When does maladaptive daydreaming begin?

When you come across the term maladaptive daydreaming disorder for the first time and suddenly realise you aren’t alone and you’re not the only crazy person who has a whole fantasy life in their head, it’s natural to wonder why your brain is wired this way. When did it start? What caused it? And wasContinue reading “When does maladaptive daydreaming begin?”

Why daydreaming is bad for our emotional intelligence

I struggle to feel emotions physically. My mind will tell me I’m feeling joy or frustration or disappointment, but it’s difficult for me to connect that emotion to physical sensations in my body. I don’t experience anger as a rush of heat or energy, I don’t experience fear as a tightness in my stomach, IContinue reading “Why daydreaming is bad for our emotional intelligence”

When coming back to reality is painful

There are several reasons we might feel bad about daydreaming, but a common one is that when we come back to reality we confront the heartbreaking fact that all the wonderful things that just happened in the daydream world aren’t real. That realisation – that real life is less fulfilling than fantasy – is painful.Continue reading “When coming back to reality is painful”

Negative daydreams, part 1: why do we daydream about upsetting things?

Although many of us have difficulty limiting the amount of time we spend daydreaming, most of us have at least some control over what we daydream about. Our daydreams are so vivid that they can generate real and intense emotional responses. So why is it that we sometimes daydream upsetting scenes that cause us veryContinue reading “Negative daydreams, part 1: why do we daydream about upsetting things?”

3 simple hacks to turn your daydreaming into a healthy habit

For most of us, excessive daydreaming started out as a coping mechanism. A coping mechanism is any strategy our mind uses to protect us from psychological harm. In the beginning we were doing what we needed to do to protect ourselves. Excessive daydreaming often begins in childhood, when many of the psychological stressors we wereContinue reading “3 simple hacks to turn your daydreaming into a healthy habit”

Are daydreamers more prone to burnout and mental exhaustion?

Are daydreamers more prone to burnout and mental exhaustion? That’s a question I’ve been asking myself over the last few weeks. I suspect I’ve been suffering from burnout for the last six months or so, but I’ve been blaming pressure of work, the difficulties of balancing work and family life during the pandemic, uncertainty aboutContinue reading “Are daydreamers more prone to burnout and mental exhaustion?”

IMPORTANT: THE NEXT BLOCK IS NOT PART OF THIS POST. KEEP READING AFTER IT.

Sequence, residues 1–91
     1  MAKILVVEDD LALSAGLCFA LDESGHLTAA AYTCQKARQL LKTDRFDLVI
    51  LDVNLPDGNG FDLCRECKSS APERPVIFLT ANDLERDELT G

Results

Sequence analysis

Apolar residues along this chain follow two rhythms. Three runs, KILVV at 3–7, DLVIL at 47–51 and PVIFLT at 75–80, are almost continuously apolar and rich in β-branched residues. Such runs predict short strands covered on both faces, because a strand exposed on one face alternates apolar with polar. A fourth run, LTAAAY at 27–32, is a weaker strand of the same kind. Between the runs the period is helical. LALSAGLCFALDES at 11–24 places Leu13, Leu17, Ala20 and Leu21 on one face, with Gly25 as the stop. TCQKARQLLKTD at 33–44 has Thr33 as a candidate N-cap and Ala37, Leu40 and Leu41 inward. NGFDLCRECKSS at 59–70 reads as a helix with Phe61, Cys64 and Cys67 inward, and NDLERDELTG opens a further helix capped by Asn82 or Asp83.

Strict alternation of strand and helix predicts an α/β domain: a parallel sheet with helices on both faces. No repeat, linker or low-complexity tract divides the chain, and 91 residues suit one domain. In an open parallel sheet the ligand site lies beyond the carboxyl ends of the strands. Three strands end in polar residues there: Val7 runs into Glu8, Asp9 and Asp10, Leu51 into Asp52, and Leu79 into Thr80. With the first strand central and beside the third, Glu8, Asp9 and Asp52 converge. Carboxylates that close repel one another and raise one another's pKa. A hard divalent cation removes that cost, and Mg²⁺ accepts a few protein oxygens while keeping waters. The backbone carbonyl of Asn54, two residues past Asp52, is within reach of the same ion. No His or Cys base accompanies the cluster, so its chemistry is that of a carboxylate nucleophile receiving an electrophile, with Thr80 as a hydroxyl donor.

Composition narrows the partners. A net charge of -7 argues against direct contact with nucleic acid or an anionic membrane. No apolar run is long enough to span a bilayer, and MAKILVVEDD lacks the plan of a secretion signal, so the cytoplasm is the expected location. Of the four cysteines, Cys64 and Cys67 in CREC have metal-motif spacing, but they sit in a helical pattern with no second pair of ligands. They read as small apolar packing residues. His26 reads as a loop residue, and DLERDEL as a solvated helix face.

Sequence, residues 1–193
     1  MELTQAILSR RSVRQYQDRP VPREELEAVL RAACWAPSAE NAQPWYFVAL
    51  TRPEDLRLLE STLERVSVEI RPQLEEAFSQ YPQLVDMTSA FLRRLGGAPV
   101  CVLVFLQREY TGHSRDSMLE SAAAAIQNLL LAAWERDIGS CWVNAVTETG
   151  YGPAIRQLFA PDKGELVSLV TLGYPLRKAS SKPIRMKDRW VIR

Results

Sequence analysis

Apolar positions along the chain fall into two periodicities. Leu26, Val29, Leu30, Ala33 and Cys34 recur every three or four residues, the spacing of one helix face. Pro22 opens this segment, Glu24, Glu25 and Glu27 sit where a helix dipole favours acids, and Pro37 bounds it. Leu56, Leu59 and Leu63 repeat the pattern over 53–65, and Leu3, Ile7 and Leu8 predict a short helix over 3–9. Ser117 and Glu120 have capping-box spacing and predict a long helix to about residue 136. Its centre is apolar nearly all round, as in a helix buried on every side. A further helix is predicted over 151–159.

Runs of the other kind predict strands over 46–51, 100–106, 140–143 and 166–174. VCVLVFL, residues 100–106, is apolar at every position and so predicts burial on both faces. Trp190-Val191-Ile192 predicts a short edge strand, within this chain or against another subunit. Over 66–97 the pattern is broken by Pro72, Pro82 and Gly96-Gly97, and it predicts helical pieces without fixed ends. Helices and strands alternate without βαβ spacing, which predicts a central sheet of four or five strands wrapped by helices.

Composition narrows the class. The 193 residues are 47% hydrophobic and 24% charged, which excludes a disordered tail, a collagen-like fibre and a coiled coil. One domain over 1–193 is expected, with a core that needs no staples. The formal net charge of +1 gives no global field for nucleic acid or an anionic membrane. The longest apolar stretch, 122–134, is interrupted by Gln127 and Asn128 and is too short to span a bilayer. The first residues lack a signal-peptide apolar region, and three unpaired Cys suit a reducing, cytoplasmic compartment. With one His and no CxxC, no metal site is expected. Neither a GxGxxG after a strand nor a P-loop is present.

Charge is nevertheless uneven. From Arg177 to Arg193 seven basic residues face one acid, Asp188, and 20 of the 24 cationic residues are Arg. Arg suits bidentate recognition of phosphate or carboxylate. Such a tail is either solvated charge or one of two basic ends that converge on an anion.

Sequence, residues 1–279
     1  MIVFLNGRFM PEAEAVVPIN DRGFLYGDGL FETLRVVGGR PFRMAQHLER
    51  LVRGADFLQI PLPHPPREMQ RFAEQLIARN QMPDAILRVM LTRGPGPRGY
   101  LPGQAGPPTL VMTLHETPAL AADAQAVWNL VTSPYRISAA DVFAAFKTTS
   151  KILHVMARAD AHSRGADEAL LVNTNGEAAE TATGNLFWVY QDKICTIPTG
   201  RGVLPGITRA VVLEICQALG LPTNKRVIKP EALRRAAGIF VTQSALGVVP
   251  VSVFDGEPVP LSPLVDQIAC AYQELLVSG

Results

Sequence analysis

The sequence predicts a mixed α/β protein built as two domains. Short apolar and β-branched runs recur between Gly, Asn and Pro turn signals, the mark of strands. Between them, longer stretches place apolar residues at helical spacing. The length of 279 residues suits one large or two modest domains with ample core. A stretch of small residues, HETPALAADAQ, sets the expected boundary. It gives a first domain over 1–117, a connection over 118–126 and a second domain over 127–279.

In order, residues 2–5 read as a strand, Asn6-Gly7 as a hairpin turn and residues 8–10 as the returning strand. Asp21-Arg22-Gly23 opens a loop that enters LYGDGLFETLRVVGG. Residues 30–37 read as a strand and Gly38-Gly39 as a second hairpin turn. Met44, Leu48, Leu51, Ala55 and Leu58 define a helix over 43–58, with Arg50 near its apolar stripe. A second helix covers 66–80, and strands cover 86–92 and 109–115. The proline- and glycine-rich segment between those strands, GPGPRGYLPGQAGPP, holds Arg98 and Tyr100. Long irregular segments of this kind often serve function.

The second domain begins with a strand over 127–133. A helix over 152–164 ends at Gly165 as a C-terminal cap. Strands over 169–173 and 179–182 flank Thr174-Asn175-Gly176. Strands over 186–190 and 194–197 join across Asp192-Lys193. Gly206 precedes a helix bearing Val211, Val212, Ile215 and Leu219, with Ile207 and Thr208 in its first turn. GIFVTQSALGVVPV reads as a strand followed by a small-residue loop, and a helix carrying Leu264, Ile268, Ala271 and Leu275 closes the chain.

Daydreaming triggers

Most of us have certain triggers that will throw us straight into a daydream without giving us time to decide whether we want to or not. If you want to have more control over your daydreams, or you want to cut down on the amount of time you spend daydreaming, you might be wondering whetherContinue reading “Daydreaming triggers”

Micro-daydreaming as a way to manage your emotional state

One of the differences between being an immersive daydreamer and being a maladaptive daydreamer is that if you’re an immersive daydreamer, you can control your daydreaming, rather than letting it control you. You can make your daydreaming work for you so that it becomes an asset that helps you get ahead in your real life.Continue reading “Micro-daydreaming as a way to manage your emotional state”

Three ways maladaptive daydreaming makes you feel bad about yourself

Many maladaptive daydreamers don’t like themselves very much, and when you don’t like or respect yourself, you tend to act in ways that reinforce the idea that you’re a bad person. Although I don’t believe that immersive daydreaming is, in itself, a bad thing, I do think that if your daydreaming is more on theContinue reading “Three ways maladaptive daydreaming makes you feel bad about yourself”

Daydreaming as an antidote to overthinking – why you shouldn’t worry about not worrying

One of the fascinating things about being an immersive daydreamer is how my daydreaming affects the way I respond to real-world situations. For example, I worry a lot less than most normative daydreamers I know. I think everyone, regardless of their daydreaming style, worries about a whole range of different things, but I think theContinue reading “Daydreaming as an antidote to overthinking – why you shouldn’t worry about not worrying”